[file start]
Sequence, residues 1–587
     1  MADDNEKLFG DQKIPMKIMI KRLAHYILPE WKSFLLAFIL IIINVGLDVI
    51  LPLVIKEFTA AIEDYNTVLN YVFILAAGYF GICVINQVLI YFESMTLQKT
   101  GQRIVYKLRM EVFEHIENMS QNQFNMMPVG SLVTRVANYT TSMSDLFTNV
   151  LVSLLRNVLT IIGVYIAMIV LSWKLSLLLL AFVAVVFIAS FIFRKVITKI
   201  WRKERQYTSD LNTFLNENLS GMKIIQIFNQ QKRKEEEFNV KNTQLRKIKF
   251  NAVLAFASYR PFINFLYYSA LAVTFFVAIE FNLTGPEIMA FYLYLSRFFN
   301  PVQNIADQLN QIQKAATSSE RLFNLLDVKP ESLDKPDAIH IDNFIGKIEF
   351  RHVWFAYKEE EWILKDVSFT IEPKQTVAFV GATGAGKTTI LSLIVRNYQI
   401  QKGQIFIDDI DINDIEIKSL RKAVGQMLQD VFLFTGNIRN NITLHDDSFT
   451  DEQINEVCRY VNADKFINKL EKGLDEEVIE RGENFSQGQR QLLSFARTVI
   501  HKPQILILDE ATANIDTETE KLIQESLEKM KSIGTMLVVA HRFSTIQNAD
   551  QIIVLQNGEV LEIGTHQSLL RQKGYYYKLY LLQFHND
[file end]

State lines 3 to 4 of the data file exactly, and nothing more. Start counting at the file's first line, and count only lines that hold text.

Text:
    51  LPLVIKEFTA AIEDYNTVLN YVFILAAGYF GICVINQVLI YFESMTLQKT
   101  GQRIVYKLRM EVFEHIENMS QNQFNMMPVG SLVTRVANYT TSMSDLFTNV